Image analysis and quantification of connexin43 plaques: All images were taken on an Olympus FV1000 confocal laser scanning microscope (Olympus, Center Valley, PA, USA) and processed using FV-10 ASW 3.0 Viewer and ImageJ software version 1.46r (National Institutes of Health). For connexin43 quantification, five images were taken per well, one in the center and the other four at clock positions 3, 6, 9, and 12 around the well. ImageJ was used to quantify the integrated density (area covered by connexin43 plaques × mean grey value), which was divided by the number of cells per image view with connexin43 expression presented as a percentage of the basal level.
4.2. Animal Tissues
Preparation and immunohistochemical analysis of mouse tissues: All animal experiments were conducted in accordance with the Association for Research in Vision and Ophthalmology Statement for use of animals and with approval from the Animal Ethics Committee of the University of Western Australia (RA/3/100/1083, 1 April 2012). Twenty-four-week old male animals were used, as Akimba mice have previously been reported to develop signs of neovascularization at this age [10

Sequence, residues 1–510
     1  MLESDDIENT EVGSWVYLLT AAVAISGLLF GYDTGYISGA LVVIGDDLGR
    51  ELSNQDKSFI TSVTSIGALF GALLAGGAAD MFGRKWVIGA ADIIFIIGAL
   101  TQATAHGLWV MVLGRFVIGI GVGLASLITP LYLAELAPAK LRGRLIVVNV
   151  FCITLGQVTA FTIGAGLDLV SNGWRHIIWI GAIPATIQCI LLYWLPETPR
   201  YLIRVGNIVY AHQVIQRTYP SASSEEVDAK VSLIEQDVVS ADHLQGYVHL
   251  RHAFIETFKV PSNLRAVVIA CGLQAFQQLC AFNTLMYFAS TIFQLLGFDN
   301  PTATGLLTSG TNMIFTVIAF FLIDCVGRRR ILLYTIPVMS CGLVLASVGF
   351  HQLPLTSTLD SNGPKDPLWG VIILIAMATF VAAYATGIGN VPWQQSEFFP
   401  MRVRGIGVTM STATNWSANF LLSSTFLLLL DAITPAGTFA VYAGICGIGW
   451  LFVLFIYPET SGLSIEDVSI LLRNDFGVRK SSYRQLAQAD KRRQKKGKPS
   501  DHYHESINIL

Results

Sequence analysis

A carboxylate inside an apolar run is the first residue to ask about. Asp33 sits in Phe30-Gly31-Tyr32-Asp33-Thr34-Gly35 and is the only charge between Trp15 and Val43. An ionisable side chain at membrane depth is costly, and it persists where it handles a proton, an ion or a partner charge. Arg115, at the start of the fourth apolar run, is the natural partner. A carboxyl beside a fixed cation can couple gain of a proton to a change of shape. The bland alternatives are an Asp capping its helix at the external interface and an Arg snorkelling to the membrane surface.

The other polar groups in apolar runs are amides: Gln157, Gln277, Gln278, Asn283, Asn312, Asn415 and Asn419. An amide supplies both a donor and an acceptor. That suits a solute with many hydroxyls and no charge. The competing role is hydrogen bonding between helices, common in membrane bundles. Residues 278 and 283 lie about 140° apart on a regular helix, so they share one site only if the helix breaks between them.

]. Sectioned eyes from wild-type C57BL/6, Akita (Ins
−/−), and Akimba (Ins
−/−, VEGF +
) mice were kindly supplied by Dr. Binz, Lions Eye Institute in Perth, Australia [10